Would a reader of the New Testament in the first century have understood parables easily? I think of Jesus explaining the parable of the sower and wonder how the parables might have been received generally.
When you say a reader of the New Testament, we need to ask which reader? A Jewish reader? A Gentile in Rome? There are certain things that operate in a Jewish context that if you had the whole gospel, let's say Luke, then they can still get what's there and deal with it. I think most of the parables would have been relatively straightforward, but I think some of them they would have struggled with. We see that a little later from Origen onwards so there is difficulty there but it's not just parables. I'm also teaching Romans and my students are wide-eyed at the complex theological notions that face us.
I imagine that many people think the parables are limited to Jesus and New Testament, as if Jesus invented the genre. Can you tell us about parables elsewhere in ancient literature?
This is an important point. First, parables are quite old. They go back at least to about 1500 BC and are present in virtually every culture. Parables are known in material from Confucius, Buddhism, Sumerian and Akkadian literature, Greco-Roman writings, and elsewhere. If you look at Aesop's Fables, you have collections of parables too, but these are are different from Jesus’ parables in a lot of ways. They are intended for entertainment and to teach wisdom. That's not what Jesus did: they were not for entertainment or for teaching wisdom in that way.
Also, there are rabbinic parables. You will notice that I divide my primary source material into early Jewish material and later Jewish material. This is to force people not to assume that rabbinic parables are early: they're all late. There are, of course, parables in the Old Testament where they have a prophetic function. Were parables being used in Jesus day? There is some evidence to say yes, but there is very little like Jesus’ narrative parables. There are none at Qumran, none in the early Apocrypha, none in the early church other than much longer allegorical forms in the Shepherd Of Hermas. Some parables in 4 Ezra are close to Jesus’, but they are not the same. John The Baptist does use parabolic forms.
If you ask me whether the rabbis were teaching with parables at the time of Jesus, I would say probably yes but I can't prove it. The rabbinic literature is all later and when we do see the rabbinic parables, they are exegetical tools, not prophetic tools.
I would like to ask you about other books that you might recommend. Your work is a particularly comprehensive book so what if someone wanted a brief overview of the parables?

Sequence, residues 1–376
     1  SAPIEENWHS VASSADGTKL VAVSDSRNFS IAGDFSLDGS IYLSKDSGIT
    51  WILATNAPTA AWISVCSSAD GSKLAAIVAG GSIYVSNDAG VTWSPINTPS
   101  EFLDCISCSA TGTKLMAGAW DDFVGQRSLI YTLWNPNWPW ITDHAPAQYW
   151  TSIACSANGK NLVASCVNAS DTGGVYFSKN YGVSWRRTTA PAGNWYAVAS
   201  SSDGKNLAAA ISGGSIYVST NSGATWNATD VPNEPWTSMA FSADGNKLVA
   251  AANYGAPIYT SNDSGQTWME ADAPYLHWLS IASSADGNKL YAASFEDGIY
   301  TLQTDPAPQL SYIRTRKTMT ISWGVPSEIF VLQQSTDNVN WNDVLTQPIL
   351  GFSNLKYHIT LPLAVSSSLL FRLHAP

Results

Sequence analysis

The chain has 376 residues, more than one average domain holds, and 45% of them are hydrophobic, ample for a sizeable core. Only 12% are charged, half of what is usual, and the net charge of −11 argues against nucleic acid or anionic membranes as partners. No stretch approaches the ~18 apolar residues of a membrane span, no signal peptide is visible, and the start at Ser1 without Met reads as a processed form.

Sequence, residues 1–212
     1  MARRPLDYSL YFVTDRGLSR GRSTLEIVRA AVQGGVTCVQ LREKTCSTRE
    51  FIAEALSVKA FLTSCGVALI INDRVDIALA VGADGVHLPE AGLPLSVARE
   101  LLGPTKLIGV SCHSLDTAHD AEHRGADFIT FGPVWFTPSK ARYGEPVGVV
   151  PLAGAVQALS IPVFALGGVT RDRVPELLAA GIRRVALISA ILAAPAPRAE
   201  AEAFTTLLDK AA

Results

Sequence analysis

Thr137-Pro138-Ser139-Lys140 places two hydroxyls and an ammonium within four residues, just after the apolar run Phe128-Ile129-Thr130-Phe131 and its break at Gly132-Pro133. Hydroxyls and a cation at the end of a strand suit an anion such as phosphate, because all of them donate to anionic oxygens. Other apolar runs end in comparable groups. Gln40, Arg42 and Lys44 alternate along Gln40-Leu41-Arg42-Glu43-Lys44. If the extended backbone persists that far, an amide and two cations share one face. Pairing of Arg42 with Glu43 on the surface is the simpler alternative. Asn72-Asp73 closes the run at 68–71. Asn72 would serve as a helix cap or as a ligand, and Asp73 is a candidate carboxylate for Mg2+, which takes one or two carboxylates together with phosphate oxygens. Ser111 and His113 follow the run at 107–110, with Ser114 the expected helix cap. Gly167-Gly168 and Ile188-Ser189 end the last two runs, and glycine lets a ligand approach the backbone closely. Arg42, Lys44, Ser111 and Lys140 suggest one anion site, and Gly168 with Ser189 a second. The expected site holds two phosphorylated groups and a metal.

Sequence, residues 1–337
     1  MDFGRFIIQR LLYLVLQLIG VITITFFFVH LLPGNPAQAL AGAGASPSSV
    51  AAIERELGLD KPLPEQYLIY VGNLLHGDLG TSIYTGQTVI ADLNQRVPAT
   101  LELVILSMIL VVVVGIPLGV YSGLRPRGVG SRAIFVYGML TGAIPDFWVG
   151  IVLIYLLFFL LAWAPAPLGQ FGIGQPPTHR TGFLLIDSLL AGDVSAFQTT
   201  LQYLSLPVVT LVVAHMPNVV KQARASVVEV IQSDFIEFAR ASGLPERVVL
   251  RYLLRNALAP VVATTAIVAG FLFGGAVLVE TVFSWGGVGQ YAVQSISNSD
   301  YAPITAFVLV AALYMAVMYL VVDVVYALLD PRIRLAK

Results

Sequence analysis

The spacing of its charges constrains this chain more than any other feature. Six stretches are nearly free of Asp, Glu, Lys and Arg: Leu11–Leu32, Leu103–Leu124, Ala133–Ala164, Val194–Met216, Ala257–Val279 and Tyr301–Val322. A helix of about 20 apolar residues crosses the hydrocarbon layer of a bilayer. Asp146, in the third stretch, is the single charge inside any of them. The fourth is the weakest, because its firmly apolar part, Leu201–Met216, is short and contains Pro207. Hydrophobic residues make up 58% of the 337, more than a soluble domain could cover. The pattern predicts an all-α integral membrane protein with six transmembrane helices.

Craig Blomberg has a good book, but it is almost 20 years old. He also has a recent book on preaching the parables. We differ on a few things but we are also close on others and people will find that work useful.
I know that Brad Young takes an unusual approach to the parables. What do you make of his work, The Parables: Jewish Tradition and Christian Interpretation?
Brad has two works from a Jewish perspective on the parables [the other being Jesus and His Jewish Parables]. He studied under David Flusser and looks at the parables from a Jewish perspective. My complaint would be that there is no distinction between early and late Jewish material: they take the rabbinic material that's late and use that as a lens to say that Jesus is telling the same kind of story. I'm happy to draw information from them on certain points, but the problem is that the focus is too much on later rabbinic literature.
Finally, can you tell us about what you working on next?
My focus for the next year is a book that focuses on identity. I talk about a hermeneutics of identity and intend to write a book for lay people focusing on how scripture explains who we are. I have about eight factors that make up our identity, and they're all defined theologically.
Thank you, Dr Snodgrass, for your time.
Klyne Snodgrass is the Paul W. Brandel Professor of New Testament Studies at North Park Theological Seminary in Chicago, Illinois. His doctorate is from the University of St. Andrews and his dissertation was "The Christological Stone Testimonia in the New Testament." His well-received work on the parables, Stories with Intent: A Comprehensive Guide to the Parables of Jesus was published by Eerdmans in ealy 2008.
The views expressed in this interview do not necessarily reflect the views of the faculty members of the Midlands Bible College and Divinity School. Dr Snodgrass's faculty page can be found here.